Mon Dec 10, 2012, 03:34 AM

107. Fair enough, but the focus needs to be on reducing costs

not shifting the costs from the federal government to Medicare beneficiaries.

Raising the eligibility age and slashing benefits might help alleviate the federal government's fiscal problems, but all such proposals would do is shift the costs to those least able to shoulder the additional burden. That's simply irresponsible and cruel.

Medicare is a long term fiscal issue due to the skyrocketing underlying medical costs the program has to pay for. True reform means addressing these costs, not leaving seniors hung out to dry.

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Response to dkf (Original post)

Sat Dec 8, 2012, 11:29 AM

3. That's accurate and good to keep in mind.

It still doesn't support the idea of cutting back on the social safety net instead of corporate loopholes and personal deductions. There is an entire universe of revenue-enhancing measures to undertake without touching a single dollar of Medicare, Medicaid, Social Security or any of the others.

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Response to randome (Reply #3)

Sat Dec 8, 2012, 11:39 AM

4. For now maybe...

 

But it's the driver of costs in the long term and that is what they are trying to solve.

The US does a 75 year projection and medicare is the biggest hurdle based on those numbers.

See page 14

http://www.cbo.gov/sites/default/files/cbofiles/attachments/06-05-Long-Term_Budget_Outlook_2.pdf

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Response to dkf (Reply #4)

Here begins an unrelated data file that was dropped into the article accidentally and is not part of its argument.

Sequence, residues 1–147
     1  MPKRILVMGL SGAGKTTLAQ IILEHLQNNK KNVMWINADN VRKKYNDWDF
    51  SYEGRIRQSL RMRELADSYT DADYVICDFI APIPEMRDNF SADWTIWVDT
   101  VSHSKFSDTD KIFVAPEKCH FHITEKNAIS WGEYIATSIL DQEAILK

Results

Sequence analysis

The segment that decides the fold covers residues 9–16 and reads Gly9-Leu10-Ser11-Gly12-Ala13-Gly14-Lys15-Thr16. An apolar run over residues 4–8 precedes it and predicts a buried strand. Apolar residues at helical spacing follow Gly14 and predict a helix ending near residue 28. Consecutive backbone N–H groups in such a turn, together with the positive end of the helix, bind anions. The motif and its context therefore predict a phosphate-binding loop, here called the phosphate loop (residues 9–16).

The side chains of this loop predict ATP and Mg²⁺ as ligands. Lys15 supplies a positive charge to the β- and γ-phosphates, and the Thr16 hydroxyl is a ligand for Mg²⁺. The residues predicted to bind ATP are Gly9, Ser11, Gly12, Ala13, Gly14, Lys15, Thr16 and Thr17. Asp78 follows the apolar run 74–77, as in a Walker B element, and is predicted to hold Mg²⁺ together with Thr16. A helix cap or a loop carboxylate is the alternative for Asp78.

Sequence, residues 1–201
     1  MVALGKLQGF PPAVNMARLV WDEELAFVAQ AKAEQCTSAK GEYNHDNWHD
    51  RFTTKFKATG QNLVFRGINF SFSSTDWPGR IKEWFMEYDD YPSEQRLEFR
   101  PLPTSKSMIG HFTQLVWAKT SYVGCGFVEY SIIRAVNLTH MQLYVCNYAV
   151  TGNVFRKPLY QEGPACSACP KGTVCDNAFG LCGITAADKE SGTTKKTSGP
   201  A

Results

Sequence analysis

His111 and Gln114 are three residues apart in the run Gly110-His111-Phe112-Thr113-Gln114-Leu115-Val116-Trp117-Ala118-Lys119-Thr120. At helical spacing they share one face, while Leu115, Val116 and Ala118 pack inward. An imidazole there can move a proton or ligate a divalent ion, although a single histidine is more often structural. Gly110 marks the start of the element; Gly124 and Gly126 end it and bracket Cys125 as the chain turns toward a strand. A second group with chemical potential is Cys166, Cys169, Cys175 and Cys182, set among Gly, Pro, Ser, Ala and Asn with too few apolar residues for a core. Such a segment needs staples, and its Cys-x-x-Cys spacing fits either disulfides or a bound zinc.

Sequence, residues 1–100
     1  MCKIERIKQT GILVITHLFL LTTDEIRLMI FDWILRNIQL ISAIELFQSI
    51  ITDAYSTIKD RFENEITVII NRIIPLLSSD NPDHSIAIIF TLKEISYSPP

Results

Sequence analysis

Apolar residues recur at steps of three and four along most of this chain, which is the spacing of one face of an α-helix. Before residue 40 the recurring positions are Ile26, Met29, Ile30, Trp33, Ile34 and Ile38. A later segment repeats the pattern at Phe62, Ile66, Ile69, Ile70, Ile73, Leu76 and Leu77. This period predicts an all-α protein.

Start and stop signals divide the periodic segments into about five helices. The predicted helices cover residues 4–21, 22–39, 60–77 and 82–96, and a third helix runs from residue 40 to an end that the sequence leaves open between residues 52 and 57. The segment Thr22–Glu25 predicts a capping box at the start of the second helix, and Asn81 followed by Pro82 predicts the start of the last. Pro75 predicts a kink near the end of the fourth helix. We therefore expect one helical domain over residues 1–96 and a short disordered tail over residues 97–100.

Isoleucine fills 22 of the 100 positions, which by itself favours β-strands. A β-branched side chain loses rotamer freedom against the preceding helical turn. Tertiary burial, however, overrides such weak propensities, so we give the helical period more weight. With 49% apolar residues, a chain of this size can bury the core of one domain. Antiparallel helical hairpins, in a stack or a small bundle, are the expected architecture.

Sat Dec 8, 2012, 11:47 AM

10. I'm all for taking care of problems BEFORE they become too much to handle.

But 75 years is a long way away. We have more pressing matters to attend to.

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Response to dkf (Reply #4)

Sat Dec 8, 2012, 11:53 AM

14. Interesting charts - the Trustees' report doesn't seem to be quite that gloomy.

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Response to dkf (Reply #4)

Mon Dec 10, 2012, 03:34 AM

106. 100% of the deficit would disappear instantly if only--

--our per capita health care costs were the same as those of other developed countries.

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Response to dkf (Original post)

Sat Dec 8, 2012, 11:41 AM

5. Oh Look! A Mediscare thread!

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Response to leftstreet (Reply #5)

Sat Dec 8, 2012, 11:46 AM

9. +1000

I love it when republican lite posts to this board. How else would I know their talking points and why the little people need to suck it up?

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Response to leftstreet (Reply #5)

Sat Dec 8, 2012, 12:29 PM

32. LOL